The Journal of Education for Upper Canada, Volumes 13-14

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J. H. Lawrence, 1860
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The Paris correspondent of the New York Kspresi gives the fol-
loming account of a valuable discovery, destined to effect a great
amelioration in the treatment of ulcers, abcesses, flesh wounds,
At the last sitting of the Academy of Sciences, the celebrated
Dr. Velpeau demanded permission to make an important communication,
and announced that two young practitioners in question,
Messrs. Corme and Demeaux, had paid him a visit for the purpose
of presenting to his notice their discovery and explaining to him
its results. Messrs. Corme and Demeaux have found a process for
the complete and instantaneous disinfection of animal matter. The
action of the disinfecting agent arrests the progress of decomposition,
and effectually prevents the generation of insecte. The substance,
prepared for use, costs here about one franc for a hundred pounds,
and the expense in America would probably be still less. The following
is the formula, as given by the inventors themselves : Plaster of
commerce, reduced to fine powder, 100 parts ; coal tar, one to three
parts. The mixture of the two substances is effected with ease by
the aid of a mortar, or by any other appropriate mechanical means.
The application of this composition to the dressing of sores and
wounds requires a particular preparation. A certain quantity of
the powder, prepared according to the formula; is diluted with olive
oil to the consistency of a paste or ointment. This species of paste
or salve is of a dark brown color, has a slightly bituminous odor,
and may be kept in a closed jar for an indefinite period. The oil
unites the powder without dissolving it, and the composition has the
property of absorbing infectious liquids the instant it is applied to
the sore which produces them. The application may be mediate or
immediate. In the latter case, that is to say, placing the composition
directly in contact with the sore, no pain whatever is produced ;
on the contrary, the salve has a decisive action, cleanses the sore and
favors cicatrization."


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Page 17 - Shakespeare to open to me the worlds of imagination and the workings of the human heart, and Franklin to enrich me with his practical wisdom, I shall not pine for want of intellectual companionship, and I may become a cultivated man though excluded from what is called the best society in the place where I live.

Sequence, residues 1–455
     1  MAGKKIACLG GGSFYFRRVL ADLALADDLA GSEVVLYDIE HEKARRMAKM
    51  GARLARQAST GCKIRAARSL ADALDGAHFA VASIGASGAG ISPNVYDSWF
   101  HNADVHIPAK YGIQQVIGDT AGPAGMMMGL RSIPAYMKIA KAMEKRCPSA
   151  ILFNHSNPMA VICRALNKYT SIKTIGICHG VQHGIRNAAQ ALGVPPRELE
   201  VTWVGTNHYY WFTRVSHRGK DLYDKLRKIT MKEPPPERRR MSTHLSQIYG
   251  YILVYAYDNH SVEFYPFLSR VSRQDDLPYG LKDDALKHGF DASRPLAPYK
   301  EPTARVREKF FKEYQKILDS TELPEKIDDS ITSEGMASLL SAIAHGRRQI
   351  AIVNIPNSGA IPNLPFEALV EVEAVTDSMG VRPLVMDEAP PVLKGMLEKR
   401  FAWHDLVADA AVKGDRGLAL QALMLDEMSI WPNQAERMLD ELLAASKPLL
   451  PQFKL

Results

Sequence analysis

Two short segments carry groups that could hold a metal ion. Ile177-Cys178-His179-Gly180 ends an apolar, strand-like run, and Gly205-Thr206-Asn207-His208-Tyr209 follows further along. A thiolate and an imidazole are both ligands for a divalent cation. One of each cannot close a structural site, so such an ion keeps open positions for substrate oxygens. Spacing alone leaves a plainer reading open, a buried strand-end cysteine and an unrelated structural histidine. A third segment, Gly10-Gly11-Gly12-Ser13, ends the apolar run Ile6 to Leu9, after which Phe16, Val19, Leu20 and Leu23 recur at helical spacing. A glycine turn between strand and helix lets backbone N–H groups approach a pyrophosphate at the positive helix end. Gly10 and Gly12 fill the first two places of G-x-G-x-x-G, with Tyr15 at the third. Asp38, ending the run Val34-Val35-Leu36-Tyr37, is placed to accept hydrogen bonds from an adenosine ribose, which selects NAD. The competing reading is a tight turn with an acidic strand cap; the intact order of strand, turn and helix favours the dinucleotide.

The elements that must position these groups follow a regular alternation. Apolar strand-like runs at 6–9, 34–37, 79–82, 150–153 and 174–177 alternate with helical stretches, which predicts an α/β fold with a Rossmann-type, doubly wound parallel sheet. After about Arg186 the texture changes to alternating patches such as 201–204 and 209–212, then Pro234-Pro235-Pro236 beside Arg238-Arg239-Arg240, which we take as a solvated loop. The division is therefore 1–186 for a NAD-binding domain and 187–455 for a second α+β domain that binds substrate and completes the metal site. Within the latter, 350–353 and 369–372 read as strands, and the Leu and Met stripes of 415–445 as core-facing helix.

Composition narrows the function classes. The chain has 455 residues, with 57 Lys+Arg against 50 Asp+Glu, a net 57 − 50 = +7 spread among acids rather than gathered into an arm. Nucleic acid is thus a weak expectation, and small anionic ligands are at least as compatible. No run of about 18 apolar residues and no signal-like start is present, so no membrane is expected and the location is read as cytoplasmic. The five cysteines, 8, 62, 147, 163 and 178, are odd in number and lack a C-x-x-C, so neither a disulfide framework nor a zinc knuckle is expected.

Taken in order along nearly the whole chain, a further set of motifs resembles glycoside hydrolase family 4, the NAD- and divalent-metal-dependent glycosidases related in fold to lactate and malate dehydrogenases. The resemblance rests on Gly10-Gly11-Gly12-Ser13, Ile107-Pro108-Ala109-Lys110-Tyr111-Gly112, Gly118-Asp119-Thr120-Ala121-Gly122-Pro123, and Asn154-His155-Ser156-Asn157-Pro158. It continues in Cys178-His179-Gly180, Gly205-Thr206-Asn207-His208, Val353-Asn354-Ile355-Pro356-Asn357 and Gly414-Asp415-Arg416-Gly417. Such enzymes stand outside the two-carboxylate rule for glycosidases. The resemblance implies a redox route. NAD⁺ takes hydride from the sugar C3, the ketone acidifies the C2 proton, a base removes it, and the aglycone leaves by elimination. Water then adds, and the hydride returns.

Page 17 - No matter how poor I am. No matter though the prosperous of my own time will not enter my obscure dwelling. If the Sacred Writers will enter and take up their abode under my roof, if Milton will cross my threshold to sing to me of Paradise, and...
Page 23 - I HEARD a voice from heaven, saying unto me, Write, From henceforth blessed are the dead which die in the Lord : even so saith the Spirit ; for they rest from their labours.
Page 124 - Nature never did betray The heart that loved her: 'tis her privilege. Through all the years of this our life, to lead From joy to joy; for she can so inform The mind that is within us, so impress With quietness and beauty, and so feed With lofty thoughts, that neither evil tongues. Rash judgments, nor the sneers of selfish men, Nor greetings where no kindness is, nor all The dreary intercourse of daily life, Shall e'er prevail against us, or disturb Our...
Page 136 - Prevent us, O Lord, in all our doings with thy most gracious favour, and further us with thy continual help; that in all our works begun, continued, and ended in thee, we may glorify thy holy Name, and finally by thy mercy obtain everlasting life; through Jesus Christ our Lord. Amen.
Page 17 - I live. To make this means of culture effectual, a man must select good- books, such as have been written by rightminded and strong-minded men, real thinkers, who instead of diluting by repetition what others say, have something to say for themselves, and write to give relief to full, earnest souls; and these works must not be skimmed over for amusement, but read with fixed attention and a reverential love of truth.
Page 70 - Should children be permitted to read romances, and relations of giants and magicians and genii? I know all that has been said against it ; but I have formed my faith in the affirmative. I know no other way of giving the mind a love of the Great and the Whole.
Page 76 - There is a history in all men's lives, Figuring the nature of the times deceased ; The which observed, a man may prophesy, With a near aim, of the main chance of things As yet not come to life, which in their seeds And weak beginnings lie intreasured.
Page 103 - Unfading as motionless, the worm frets them not, and the autumn wastes not. Strong in lowliness, they neither blanch in heat nor pine in frost. To them, slow-fingered, constant-hearted, is entrusted the weaving of the dark, eternal tapestries of the hills ; to them, slow-pencilled, iris-dyed, the tender framing of their endless imagery.
Page 23 - FORASMUCH as it hath pleased Almighty God of his great mercy to take unto himself the soul of our dear brother here departed, we therefore commit his body to the ground; earth to earth, ashes to ashes, dust to dust; in sure and certain hope of the Resurrection to eternal life...

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